The manner in which price negotiations take place vary and can be subject to the seller’s instructions, the nature of the property for sale or the agent’s own practices. If you are uncomfortable about approaching the price negotiation process you may consider appointing a buyer’s agent to act on your behalf.
Once you have selected a property that you are interested in buying, the seller may ask you to pay an initial deposit. This does not mean that the property will be held for you or that it gets taken off the market. It is more like a goodwill gesture, indicating to the seller that you are serious about the prospective purchase and may mean that the seller or agent will be less likely to show the property to anyone else. The seller is able to take initial deposits from other prospective purchasers as well but must refund your deposit if they choose not to sell the property to you.
Until you exchange contracts, there is no legal obligation on the seller to sell to you.
Up until the exchange of contracts, both you and the seller are entitled to change your mind without any legal consequences.
The Contract sets out the terms and conditions of sale. Exchange refers to the time at which the parties to the Contract each sign the Contract and hand their signed copy to the other party.
On the date the Contracts are exchanged, you will have to pay a 10% deposit (subject to a negotiated deposit amount – for instance, 5%) which is usually handed over to the seller’s agent or acting solicitor to be held in trust or invested on behalf of the parties, pending settlement.
Cooling Off Period
Because the purchase of a home is such a significant investment, there is a period of time after exchange of contracts where you can still change your mind and exercise your right to rescind the Contract.
In NSW, the cooling off period runs for 5 business days after the day on which the Contract was made. If you do exercise your cooling-off rights 0.25% of the purchase price is forfeited to the seller and the balance of any deposit paid is refundable.
There are some circumstances in which the cooling off period does not apply and you should discuss this further when you seek advice on the Contract.
Where it does apply, the cooling off period is an appropriate time to stop and reflect on your choice.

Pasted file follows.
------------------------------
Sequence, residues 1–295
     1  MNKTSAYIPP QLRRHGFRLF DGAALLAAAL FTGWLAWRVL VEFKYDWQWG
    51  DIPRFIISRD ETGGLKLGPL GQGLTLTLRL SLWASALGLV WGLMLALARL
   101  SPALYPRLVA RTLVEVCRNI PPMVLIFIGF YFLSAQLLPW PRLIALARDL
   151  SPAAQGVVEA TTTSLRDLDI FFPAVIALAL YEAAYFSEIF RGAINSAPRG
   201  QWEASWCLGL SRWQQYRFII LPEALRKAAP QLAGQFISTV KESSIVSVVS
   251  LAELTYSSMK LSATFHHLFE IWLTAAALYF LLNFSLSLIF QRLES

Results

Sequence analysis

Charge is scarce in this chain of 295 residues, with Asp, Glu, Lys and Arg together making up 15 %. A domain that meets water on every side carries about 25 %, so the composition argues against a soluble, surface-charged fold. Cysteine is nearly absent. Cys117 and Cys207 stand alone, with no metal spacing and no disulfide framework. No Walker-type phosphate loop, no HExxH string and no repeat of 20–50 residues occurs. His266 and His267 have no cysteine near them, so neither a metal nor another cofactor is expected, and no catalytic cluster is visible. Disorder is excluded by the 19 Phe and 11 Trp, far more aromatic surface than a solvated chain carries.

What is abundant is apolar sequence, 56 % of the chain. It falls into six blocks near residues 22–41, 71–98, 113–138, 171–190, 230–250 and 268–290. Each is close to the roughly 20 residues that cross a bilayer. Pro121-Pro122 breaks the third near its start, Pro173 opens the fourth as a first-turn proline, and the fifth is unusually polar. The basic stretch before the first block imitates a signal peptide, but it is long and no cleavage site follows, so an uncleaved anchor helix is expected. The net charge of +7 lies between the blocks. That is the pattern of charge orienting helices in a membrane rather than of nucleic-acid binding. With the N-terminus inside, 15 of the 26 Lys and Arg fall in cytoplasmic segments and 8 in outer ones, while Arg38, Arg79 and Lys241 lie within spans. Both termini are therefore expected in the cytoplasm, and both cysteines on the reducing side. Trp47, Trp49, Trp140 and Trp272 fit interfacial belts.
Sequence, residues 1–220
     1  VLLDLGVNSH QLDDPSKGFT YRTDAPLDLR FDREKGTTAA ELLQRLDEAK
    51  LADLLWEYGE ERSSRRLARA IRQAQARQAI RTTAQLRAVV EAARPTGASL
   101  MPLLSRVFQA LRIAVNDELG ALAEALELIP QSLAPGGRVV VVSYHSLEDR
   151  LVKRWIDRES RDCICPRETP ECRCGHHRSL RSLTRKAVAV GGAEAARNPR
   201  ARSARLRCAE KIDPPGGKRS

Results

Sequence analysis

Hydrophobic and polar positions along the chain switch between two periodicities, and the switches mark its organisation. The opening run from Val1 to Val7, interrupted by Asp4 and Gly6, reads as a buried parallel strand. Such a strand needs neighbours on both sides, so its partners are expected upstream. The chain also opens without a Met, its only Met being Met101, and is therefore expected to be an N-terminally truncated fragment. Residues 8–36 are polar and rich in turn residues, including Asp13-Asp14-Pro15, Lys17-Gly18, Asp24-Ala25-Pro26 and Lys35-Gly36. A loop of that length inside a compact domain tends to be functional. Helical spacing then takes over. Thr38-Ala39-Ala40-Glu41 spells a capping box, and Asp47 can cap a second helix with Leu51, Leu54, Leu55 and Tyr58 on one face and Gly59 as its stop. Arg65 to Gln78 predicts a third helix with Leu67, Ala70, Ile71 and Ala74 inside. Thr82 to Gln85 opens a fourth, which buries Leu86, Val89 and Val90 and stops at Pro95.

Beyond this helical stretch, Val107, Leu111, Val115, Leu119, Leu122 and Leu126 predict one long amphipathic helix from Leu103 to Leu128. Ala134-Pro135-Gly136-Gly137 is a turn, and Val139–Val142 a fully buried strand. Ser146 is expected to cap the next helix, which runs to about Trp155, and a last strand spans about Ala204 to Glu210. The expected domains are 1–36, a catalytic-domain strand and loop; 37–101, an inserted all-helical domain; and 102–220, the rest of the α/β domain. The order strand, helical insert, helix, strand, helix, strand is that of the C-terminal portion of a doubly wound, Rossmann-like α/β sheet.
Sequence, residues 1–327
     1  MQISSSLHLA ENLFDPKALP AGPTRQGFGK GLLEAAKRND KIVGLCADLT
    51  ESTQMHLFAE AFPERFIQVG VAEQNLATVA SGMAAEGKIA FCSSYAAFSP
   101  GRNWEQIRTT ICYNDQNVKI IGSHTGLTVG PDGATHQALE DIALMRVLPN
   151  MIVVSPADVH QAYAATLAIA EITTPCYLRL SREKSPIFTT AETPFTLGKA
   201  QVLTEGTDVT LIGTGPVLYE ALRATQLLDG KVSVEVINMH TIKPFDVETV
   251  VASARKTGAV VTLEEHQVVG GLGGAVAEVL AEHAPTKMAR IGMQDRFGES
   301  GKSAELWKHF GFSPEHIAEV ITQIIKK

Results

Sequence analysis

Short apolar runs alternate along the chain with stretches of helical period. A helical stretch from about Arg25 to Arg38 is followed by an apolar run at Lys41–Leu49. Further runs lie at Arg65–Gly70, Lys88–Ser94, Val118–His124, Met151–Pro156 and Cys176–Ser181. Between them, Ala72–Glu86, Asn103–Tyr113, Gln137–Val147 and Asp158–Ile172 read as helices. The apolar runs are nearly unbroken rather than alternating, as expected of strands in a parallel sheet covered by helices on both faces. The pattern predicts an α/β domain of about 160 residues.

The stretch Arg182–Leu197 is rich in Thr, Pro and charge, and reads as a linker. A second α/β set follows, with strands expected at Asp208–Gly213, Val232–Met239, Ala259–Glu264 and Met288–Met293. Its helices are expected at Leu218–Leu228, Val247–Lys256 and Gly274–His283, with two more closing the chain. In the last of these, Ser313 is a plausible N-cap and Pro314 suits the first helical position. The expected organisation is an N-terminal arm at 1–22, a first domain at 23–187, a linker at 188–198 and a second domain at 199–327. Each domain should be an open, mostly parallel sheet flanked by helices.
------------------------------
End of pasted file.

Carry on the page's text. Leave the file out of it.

There is a period, usually 42 days, between exchange and settlement – the settlement period. During the settlement period various matters are attended to you by your solicitor and lender acting on your behalf.
Prior to exchange, the settlement period can by agreement, be extended or shortened. Ensure to confirm that your lender is in a position to finance in relation to any shorter settlement period BEFORE agreeing to a shorter period.
During the settlement period you should attend to confirmation and execution of relevant loan documentation including any First Home Buyer incentives, finance any stamp duty payable and arrange appropriate insurance on the property in anticipation of settlement.
First Home Buyer incentives – There have been some changes that may affect your ability to purchase
First Home Owner Grant (FHOG)
From 1 October 2012, the $7,000 FHOG will be replaced by the $15 000 First Home Owner Grant
(New Homes) Scheme
The $7,000 FHOG which is currently capped at $835,000, ends on 30 September 2012 and will not be available where the Contract is dated on or after 1 October 2012.
First Home Owner Grant (New Homes) Scheme
First home owners who purchase or build a new home where the Contract is dated on or after 1 October 2012, will be eligible for the $15,000 grant. The grant will reduce to $10,000 on 1 January 2014.
A new home is a home that has not been previously occupied or sold as a place of residence, and includes a home that is a substantially renovated home and a home built to replace demolished premises. It includes off the plan purchases and house and land packages.
There is certain eligibility criteria that must be met and the scheme is capped to $650,000 from 1 October 2012.
The First Home—New Home scheme provides exemptions or concessions on transfer duty for people who are buying their first home in NSW. This includes buying vacant land on which you intend to build your first home.
The First Home—New Home scheme provides exemptions on transfer duty on new homes valued up to $500,000 ($550,000 from 1 July 2012) and concessions on transfer duty for new homes valued between $500,000 ($550,000 from 1 July 2012) and $600,000 ($650,000 from 1 July 2012).
No duty on vacant land valued up to $300,000 ($350,000 from 1 July 2012) and concessional duty for vacant land valued between $300,000 ($350,000 from 1 July 2012) and $450,000 applies to vacant blocks of residential land.
These exemptions or concessions DO NOT apply to the purchase of an existing dwelling. Further details about First Home Buyer Incentives can be obtained via the link to OSR.
For more information about this article or if JV Legal can assist you with your purchase, please contact us on 8860 9477.
Authors: Jo-Anne Chong & Vanessa Steinfelder, JV Legal, Sydney, NSW, Australia
The information in this article is of a general nature and is not intended to address the circumstances of any particular individual or entity and does not constitute specific legal advice.
Dominic is the CEO of Lawpath, dedicating his days to making legal easier, faster and more accessible to businesses. Dominic is a recognised thought-leader in Australian legal disruption, and was recognised as a winner of the 2015 Australian Legal Innovation Index.